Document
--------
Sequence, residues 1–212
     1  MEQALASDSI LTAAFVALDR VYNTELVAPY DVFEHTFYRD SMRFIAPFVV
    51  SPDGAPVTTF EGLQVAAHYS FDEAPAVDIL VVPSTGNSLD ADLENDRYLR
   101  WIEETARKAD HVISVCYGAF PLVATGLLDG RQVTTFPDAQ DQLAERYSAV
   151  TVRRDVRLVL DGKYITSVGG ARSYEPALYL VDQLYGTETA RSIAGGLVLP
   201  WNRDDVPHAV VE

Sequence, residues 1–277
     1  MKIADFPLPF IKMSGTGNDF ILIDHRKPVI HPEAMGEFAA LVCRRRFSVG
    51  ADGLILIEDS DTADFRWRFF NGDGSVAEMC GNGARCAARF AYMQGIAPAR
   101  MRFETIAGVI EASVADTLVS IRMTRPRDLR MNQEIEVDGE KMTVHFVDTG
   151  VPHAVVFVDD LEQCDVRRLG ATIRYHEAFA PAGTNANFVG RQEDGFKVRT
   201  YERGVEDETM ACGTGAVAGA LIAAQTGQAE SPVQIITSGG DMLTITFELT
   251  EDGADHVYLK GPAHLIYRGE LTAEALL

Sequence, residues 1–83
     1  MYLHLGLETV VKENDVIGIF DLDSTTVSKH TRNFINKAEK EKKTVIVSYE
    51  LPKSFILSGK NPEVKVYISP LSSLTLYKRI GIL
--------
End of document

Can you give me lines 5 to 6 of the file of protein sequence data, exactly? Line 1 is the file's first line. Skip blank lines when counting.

   151  TVRRDVRLVL DGKYITSVGG ARSYEPALYL VDQLYGTETA RSIAGGLVLP
   201  WNRDDVPHAV VE